Easier said than done.

I discovered two. Only two. Saint Olaf of Norway, and Saint Magnus of Orkney, who isn’t TECHNICALLY a Viking, as he lived at the very tail end of the period. But he was close enough and less complicated than Saint Olaf, and besides, if ever a saint’s life held excitement and conflict, it had to be his. So I chose Saint Magnus. Or maybe he chose me. Either way, I whacked out an audio play and was stunned when I started receiving letters after its production. So many people wrote to tell me they loved the story, and requests poured in to adapt it into a novel. I didn’t take it seriously for a few more years, because I had gone back, yet again, to my idea of a book about Saint Dymphna (which still wasn’t working).

Eventually I did an author presentation at a school, where I learned that several of the boys had taken Saint Magnus as their confirmation patron after hearing the radio play, and one family even named their son after him. The students begged me to put Saint Magnus into a book, and that was the turning point, when I finally took it seriously. For the next several months I researched Saint Magnus in earnest, discovering to my horror that some of the facts in the audio play were way off the mark. I tweaked and changed and developed the characters fully, added more, loaded the story with battle scenes and adventure, and somehow ended up a year later with my third published book. It became a #1 new release on Amazon and I knew I had to keep going and write a fourth.

Again, easier said than done.

How I finally resurrected Saint Dymphna after years of failed attempts will be my last post in Theresa Linden’s wonderful blog. I hope you stay tuned. 🙂

Wow, I love to hear the reasons for all of Susan Peek’s stories! I can’t wait to hear about St. Dymphna!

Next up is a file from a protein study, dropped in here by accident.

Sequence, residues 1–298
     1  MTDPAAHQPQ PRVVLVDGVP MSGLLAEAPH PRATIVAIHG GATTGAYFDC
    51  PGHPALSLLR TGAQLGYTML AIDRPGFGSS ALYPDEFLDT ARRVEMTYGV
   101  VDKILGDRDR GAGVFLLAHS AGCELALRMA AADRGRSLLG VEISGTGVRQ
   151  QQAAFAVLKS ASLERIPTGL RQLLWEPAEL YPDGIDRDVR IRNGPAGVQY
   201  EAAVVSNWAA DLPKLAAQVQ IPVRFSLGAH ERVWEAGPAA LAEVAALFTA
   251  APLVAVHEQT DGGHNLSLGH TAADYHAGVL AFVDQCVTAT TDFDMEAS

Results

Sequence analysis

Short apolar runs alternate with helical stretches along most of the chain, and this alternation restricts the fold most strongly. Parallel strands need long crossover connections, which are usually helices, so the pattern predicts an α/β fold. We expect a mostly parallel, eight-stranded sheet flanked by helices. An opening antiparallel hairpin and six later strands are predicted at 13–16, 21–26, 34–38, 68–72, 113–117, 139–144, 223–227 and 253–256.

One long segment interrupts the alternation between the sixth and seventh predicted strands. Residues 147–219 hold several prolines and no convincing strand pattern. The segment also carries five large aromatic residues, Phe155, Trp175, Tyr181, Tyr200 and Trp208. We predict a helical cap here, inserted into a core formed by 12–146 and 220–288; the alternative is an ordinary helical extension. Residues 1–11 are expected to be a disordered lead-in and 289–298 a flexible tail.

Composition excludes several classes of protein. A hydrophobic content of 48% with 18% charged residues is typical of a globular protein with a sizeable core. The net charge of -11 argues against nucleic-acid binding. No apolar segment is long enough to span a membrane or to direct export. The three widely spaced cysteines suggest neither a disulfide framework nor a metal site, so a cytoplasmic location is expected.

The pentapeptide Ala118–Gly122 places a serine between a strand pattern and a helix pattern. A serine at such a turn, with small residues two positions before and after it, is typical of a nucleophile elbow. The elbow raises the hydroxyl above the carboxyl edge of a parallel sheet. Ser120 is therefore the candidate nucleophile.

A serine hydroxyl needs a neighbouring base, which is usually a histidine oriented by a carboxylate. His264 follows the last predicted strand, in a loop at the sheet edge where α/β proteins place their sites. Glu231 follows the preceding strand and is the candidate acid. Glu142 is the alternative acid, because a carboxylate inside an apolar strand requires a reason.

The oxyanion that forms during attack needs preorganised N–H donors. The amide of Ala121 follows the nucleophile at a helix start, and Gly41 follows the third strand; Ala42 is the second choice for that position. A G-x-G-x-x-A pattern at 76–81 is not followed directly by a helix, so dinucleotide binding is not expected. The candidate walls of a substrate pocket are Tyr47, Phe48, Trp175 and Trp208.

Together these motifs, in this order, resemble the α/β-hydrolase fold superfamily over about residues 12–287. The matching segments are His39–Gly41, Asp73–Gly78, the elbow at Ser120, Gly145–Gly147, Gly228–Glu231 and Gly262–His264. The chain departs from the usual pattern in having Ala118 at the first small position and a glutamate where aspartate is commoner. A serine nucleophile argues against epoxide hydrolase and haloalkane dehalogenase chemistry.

My Review:

This story begins with the last will and testament of an 11th-century Norseman warrior, Thorfinn the Mighty. The opening scene sets the stage for the novel as the dying ruler makes a startling decision for the sake of the kingdom. The conflict begins here and never lets up. Peek pulls the reader from one tense moment to another. We go back in time and become witness to the dramatic trials Magnus endured and the sacrifices he made.

As the mother of three boys, ages twelve to fifteen, I can’t say enough about this book. My boys love to read and they enjoy saint stories, but Saint Magnus, The Last Viking appeals to them in ways no other saint books have. This is not a sterile retelling of the saint’s life. The characters leap off the page with energy my boys can relate to, keeping them completely engaged as the story of this saint unfolds.

With all the battles, fighting, and conflict, it’s obvious why this story appeals to boys, but I love it, too. As a writer, I thoroughly enjoy Peek’s powerful writing style and vivid descriptions. I marvel at her ability to develop every character in the story. Some lines and sections moved me so much that I found myself re-reading them for pure enjoyment.

Susan Peek’s inspired account of the life of Saint Magnus stirs up the desire to live as he did, with courage, perseverance, and brotherly love, faithful to God to the end. Peek has taken the life of this little-known saint whom time may have forgotten and whose story could’ve remained hidden, and she’s re-presented it to the modern Christian.

This book is not to be missed. I walk away from it knowing I will go back. The message of Saint Magnus’s life is a message for today and it remains with me even now. I can’t wait to step into my next Susan Peek book.

Visit Susan Peek and learn more about her and her books:

Website: http://www.susanpeekauthor.com

Goodreads author page

Amazon author page

Thanks for stopping by my blog! Have you stumbled upon a favorite book this summer? Tell me about it in the comments. Feel free to share a link.